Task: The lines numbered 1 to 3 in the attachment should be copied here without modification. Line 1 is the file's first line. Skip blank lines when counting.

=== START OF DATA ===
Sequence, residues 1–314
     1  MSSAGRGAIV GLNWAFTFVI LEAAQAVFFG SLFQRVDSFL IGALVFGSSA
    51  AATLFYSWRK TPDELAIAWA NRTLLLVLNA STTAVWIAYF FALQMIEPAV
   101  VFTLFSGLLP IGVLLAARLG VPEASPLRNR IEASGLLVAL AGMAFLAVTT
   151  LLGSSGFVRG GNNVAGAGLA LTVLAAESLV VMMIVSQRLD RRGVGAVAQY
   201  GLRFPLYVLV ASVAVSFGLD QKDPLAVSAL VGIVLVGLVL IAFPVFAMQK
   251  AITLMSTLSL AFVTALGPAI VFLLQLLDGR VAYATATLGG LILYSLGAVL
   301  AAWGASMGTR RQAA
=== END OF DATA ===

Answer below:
Sequence, residues 1–314
     1  MSSAGRGAIV GLNWAFTFVI LEAAQAVFFG SLFQRVDSFL IGALVFGSSA
    51  AATLFYSWRK TPDELAIAWA NRTLLLVLNA STTAVWIAYF FALQMIEPAV